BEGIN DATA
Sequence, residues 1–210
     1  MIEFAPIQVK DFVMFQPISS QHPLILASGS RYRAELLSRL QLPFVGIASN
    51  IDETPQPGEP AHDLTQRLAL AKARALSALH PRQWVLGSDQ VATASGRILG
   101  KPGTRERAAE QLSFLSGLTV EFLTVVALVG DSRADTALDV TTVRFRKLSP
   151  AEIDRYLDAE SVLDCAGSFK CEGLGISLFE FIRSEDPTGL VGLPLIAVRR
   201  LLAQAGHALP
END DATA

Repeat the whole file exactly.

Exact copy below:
Sequence, residues 1–210
     1  MIEFAPIQVK DFVMFQPISS QHPLILASGS RYRAELLSRL QLPFVGIASN
    51  IDETPQPGEP AHDLTQRLAL AKARALSALH PRQWVLGSDQ VATASGRILG
   101  KPGTRERAAE QLSFLSGLTV EFLTVVALVG DSRADTALDV TTVRFRKLSP
   151  AEIDRYLDAE SVLDCAGSFK CEGLGISLFE FIRSEDPTGL VGLPLIAVRR
   201  LLAQAGHALP